Cheers and blessings to your modelling!

Sunday, June 12, 2022

First DBA Army Completed: 15mm Early Hebrews

Back in October I announced here a project called “Getting Biblical”.  A friend of mine had previously expressed surprise that I as a wargaming clergyman had shown no interest in biblical era armies and battles, and I thought, “good point, why is that?”  The question was especially perplexing as, early in 2020, I spent a month in Ethiopia teaching the book of Isaiah to some young seminarians, and I thought at the time, what great inspiration.   Every power of the Middle East - Egypt, Ethiopia, Assyria, Israel and Judah, and Babylon - is mentioned in that book.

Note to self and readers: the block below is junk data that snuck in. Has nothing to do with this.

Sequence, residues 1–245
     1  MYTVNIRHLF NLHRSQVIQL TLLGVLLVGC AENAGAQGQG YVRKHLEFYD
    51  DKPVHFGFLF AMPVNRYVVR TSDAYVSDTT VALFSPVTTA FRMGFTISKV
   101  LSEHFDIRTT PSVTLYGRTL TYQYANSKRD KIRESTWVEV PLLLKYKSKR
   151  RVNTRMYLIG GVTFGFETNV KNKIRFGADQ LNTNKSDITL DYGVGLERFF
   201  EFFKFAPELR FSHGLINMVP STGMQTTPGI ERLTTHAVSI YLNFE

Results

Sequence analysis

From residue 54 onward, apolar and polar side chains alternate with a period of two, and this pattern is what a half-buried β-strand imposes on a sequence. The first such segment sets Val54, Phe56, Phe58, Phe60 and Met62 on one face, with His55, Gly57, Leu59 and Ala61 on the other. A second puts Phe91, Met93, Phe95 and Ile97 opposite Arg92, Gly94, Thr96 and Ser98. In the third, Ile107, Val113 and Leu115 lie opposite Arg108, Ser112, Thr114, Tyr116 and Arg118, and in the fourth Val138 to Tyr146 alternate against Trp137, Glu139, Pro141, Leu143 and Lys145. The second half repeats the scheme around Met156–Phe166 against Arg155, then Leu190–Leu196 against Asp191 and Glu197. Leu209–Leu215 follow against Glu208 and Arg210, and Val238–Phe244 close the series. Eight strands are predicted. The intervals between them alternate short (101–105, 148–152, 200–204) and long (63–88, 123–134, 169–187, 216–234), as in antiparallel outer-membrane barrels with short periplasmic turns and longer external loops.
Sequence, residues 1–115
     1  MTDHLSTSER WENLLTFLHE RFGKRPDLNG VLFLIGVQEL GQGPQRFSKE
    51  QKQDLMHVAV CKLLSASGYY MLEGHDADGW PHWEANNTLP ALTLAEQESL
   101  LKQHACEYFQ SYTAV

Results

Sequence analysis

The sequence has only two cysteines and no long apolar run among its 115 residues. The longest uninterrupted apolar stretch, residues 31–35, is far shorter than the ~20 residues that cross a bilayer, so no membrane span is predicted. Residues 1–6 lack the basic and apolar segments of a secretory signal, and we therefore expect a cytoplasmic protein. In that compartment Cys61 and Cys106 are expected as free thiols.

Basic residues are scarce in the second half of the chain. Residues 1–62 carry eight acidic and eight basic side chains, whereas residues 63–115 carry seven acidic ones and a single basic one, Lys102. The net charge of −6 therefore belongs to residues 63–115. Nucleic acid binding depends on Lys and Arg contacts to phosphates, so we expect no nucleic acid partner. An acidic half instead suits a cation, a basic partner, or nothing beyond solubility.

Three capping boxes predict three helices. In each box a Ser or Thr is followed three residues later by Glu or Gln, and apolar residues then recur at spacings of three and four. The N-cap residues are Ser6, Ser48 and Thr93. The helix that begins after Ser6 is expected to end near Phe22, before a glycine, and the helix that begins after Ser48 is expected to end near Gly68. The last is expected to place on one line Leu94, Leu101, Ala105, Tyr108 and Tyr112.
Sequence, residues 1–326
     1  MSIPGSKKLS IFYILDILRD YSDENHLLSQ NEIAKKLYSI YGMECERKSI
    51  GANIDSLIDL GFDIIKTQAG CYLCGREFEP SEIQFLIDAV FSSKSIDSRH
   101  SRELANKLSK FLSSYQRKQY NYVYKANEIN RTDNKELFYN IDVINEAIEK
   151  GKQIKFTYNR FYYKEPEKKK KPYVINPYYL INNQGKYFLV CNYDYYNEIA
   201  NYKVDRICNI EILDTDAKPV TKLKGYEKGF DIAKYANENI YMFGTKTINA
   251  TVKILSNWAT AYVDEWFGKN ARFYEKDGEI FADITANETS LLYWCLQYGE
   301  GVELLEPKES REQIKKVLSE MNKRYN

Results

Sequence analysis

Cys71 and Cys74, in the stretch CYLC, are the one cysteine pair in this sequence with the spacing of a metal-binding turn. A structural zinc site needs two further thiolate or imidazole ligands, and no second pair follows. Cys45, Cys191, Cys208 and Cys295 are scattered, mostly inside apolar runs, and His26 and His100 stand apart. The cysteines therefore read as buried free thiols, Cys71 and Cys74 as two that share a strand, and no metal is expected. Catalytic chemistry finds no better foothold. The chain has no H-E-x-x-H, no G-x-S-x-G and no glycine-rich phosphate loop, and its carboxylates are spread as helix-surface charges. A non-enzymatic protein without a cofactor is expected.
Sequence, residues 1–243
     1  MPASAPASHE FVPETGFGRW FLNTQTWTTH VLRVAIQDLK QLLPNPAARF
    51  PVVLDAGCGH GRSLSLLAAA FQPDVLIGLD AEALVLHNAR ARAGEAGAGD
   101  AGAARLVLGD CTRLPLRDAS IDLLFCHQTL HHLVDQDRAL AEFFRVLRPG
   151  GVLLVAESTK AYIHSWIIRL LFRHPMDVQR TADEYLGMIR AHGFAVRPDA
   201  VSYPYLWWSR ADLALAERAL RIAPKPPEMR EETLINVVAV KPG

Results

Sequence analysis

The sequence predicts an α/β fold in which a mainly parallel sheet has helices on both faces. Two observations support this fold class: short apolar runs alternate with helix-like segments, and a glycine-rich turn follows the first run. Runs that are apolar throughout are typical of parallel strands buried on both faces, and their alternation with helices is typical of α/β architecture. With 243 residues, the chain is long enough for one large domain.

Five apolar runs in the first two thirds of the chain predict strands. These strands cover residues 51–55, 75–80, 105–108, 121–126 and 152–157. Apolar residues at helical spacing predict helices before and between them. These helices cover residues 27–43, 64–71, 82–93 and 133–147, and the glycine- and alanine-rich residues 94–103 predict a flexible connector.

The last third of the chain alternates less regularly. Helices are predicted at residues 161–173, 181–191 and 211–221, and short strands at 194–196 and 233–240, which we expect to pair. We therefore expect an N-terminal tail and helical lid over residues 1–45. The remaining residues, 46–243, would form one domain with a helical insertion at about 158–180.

In the last few months, I was introduced to DBA, and that made the whole project seem far less daunting.   Working in 15mm, generating 12 bases for a complete early Hebrew army, that all seemed doable.   So, I dug out the Fighting 15/Gladiator ancients figures I purchased last year and got to work.  It’s hard to find dedicated ancient Jewish figures, but the Fighting 15 Syrian/Canaanite range seemed close enough.  It didn’t take me that long to get these figures finished and based.  Don’t ask me about the shields, I just had fun with them.

 Out of these figures I can assemble this army, which in DBA parlance is 1/27 Early Hebrew c 1250BC - 1000BC.  Baker and Laflin-Barker write: “This list covers the Hebrew armies from the selection of Joshia a Judge until David’s accession as King and is largely based on the Biblical - which, unreliable as this may be as history, is often the only source available” (DBA 3 WRG 2014 p. 42).